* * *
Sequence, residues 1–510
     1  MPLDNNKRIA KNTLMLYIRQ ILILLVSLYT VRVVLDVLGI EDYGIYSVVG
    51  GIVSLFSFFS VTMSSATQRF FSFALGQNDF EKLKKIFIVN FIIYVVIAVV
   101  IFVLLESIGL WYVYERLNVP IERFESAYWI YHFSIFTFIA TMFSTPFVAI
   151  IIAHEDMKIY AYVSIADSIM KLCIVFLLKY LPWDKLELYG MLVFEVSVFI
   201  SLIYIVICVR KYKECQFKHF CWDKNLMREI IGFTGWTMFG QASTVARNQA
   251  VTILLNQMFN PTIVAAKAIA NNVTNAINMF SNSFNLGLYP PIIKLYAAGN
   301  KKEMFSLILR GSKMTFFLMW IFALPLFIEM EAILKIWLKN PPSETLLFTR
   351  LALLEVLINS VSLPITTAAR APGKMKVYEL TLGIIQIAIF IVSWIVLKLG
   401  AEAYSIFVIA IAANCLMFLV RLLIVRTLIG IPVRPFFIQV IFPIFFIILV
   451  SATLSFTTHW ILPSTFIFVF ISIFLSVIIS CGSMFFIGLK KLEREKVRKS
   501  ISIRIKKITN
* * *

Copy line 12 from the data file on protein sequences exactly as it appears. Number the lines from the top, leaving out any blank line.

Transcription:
   501  ISIRIKKITN